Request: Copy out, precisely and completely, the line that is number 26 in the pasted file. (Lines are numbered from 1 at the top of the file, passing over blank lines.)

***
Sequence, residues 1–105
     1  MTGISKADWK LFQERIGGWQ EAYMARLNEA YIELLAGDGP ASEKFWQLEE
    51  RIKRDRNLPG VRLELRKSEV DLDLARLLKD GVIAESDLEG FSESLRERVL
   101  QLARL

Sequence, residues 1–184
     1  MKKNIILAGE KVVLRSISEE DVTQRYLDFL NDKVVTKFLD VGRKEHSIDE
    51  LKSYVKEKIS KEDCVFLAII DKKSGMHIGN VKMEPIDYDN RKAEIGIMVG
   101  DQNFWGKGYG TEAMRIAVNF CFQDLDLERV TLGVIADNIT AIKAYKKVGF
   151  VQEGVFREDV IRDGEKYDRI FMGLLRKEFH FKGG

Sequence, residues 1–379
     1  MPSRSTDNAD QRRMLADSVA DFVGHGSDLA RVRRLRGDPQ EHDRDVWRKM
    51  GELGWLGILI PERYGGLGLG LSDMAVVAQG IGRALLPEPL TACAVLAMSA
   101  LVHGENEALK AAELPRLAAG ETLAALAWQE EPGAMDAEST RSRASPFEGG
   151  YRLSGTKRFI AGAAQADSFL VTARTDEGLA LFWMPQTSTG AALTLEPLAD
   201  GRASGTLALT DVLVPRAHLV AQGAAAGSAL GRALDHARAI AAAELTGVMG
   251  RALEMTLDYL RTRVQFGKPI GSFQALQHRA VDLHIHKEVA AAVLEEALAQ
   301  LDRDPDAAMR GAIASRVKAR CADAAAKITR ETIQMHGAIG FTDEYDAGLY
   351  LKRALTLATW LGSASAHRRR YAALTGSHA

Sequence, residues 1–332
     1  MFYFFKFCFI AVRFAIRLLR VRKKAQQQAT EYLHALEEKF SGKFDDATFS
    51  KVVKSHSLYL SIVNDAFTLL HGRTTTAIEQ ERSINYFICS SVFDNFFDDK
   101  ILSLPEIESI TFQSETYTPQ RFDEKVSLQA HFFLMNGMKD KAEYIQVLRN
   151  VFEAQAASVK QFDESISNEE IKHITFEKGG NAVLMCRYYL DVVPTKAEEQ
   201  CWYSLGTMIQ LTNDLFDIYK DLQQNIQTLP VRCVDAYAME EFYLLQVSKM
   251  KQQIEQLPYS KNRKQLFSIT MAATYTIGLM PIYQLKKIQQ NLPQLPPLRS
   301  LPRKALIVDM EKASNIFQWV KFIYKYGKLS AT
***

   301  LPRKALIVDM EKASNIFQWV KFIYKYGKLS AT